Update, March 16, 2010: The meme continues. Here’s another piece (this one by Irwin J. Mansdorf) on engaging new forms of conversation between Israel and the world: The Hasbara challenge: We can’t counter Arab PR by telling people Israel invented cell phone
A new Israeli government effort to bring the average “Yossi Israeli” into the ongoing effort at getting Israel’s position across to average individuals and the media to combat negative perceptions, stereotypes, and anti-Israel sentiment is getting a significant amount of attention in the media, Jewish and otherwise.
The website Masbirim will attempt to begin training Israelis to speak on behalf of Israel when the opportunity arises. It also contains satirical videos poking fun at how poorly Israel is understood or known beyond stereotypes of violence and backwardness. As with much satire, the quality of the work has been widely debated, as well.Writing on the website of Foreign Policy magazine, Dmitry Reider described one video as “being met with ridicule” and that they “have a lot more to say about Israel’s insecurities – e.g., its small size – than the world’s concerns.”
Others have called the entire effort puerile, but some have called it worthwhile, while noting that this is not the first time such a concept has been tried. David Brinn, writing in the Jerusalem Post, said, “The concept of Masbirim is to be applauded for adapting the idea first conceived almost a decade ago that for hasbara to succeed, it must look beyond the conflict with the Palestinians.” He was referring to the organization and accompanying website and media service, Israel 21C.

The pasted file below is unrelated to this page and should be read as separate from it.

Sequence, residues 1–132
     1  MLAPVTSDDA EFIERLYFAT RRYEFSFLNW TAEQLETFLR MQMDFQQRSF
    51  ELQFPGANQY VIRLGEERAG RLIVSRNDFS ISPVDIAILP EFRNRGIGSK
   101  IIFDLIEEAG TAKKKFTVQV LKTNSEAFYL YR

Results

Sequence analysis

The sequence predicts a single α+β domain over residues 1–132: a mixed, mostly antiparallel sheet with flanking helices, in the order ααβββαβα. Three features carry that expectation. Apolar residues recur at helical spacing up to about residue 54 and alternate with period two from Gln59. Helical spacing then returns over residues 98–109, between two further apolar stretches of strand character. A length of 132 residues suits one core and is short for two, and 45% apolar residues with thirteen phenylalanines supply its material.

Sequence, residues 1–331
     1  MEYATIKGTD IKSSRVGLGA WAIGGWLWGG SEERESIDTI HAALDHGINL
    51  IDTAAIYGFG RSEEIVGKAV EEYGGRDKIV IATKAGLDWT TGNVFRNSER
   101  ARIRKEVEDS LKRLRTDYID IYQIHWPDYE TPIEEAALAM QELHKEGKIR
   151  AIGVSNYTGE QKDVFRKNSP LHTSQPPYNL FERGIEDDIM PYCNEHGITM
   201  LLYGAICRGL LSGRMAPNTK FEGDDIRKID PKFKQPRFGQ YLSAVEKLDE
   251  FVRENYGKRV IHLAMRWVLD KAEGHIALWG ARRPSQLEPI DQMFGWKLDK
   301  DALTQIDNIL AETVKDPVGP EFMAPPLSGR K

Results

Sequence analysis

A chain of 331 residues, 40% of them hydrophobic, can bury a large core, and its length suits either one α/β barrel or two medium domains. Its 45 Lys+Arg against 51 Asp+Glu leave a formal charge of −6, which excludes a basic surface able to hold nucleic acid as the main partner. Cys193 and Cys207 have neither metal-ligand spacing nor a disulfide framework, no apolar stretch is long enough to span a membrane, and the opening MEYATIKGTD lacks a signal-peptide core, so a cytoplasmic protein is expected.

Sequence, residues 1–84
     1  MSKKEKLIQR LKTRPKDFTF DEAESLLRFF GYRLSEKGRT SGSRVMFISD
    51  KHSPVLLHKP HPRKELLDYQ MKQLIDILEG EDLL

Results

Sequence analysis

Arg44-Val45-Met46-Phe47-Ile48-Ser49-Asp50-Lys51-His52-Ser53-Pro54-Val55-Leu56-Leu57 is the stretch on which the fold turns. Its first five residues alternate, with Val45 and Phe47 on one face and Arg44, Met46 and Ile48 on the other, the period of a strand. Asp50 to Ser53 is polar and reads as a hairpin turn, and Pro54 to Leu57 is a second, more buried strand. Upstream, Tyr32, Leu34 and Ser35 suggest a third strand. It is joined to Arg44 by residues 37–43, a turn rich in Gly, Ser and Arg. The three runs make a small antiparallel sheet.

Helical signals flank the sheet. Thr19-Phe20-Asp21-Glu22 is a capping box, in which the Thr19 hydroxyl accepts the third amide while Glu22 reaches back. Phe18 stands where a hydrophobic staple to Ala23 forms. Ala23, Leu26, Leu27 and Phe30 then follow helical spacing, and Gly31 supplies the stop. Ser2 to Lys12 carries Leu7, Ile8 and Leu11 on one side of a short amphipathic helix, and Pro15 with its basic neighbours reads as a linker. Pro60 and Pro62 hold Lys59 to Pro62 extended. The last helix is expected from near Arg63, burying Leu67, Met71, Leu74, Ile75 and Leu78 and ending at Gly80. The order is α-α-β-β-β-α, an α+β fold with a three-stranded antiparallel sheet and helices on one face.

Shalom Hartman Institute President Donniel Hartman takes a different approach completely in his latest column on the Institute website. The article, which is drawing unusually thoughtful commentary from readers, praises ongoing efforts as necessary, but says their appeal and likelihood of success is limited because of the nature of the complexity of the issue:
However important and valuable these efforts are, they often fail to achieve their end. When the case for Israel is grounded only on a factual narrative it is often unconvincing to those who hold a counter factual perception. In general, positions are rarely formed purely around facts, but rather by ideological, moral, and psychological propensities which then construct factual narratives to reinforce the preexisting commitment.
Donniel suggests that it is time to recognize that the Jewish community needs a completely new narrative on which to base its relationship with Israel and to focus on that community first:
The Jewish community is not in need of an Israel advocacy campaign of facts and figures alone, but also of a new Jewish narrative based on Jewish ideas and values for engaging Israel in a way that will help integrate Israel into a modern Jewish identity. Jews today need to be able to address crucial questions for which they currently do not know the answer. For example: What is the role of “peoplehood” in modern Jewish identity? What is the meaning and purpose of Jewish sovereignty connected to territory rooted in the land of Israel to modern Jewish life? What are the requirements of morality of war, and how can Israel use its power in a way that is consistent with the highest standards of Jewish morality and values? How does Israel balance its legitimate right of self defense with the rights of others? Can a Jewish state be reconciled with the values of Jewish pluralism and freedom? Does the aspiration for a Jewish state automatically define Israel as a racist, apartheid state?
Rest assured that this column by Donniel was not a one-time reference to the subject. He and others at the Shalom Hartman Institute are going to be delving deeper and deeper into this issue in coming months. To stay apprised of developments in this project, send us an email.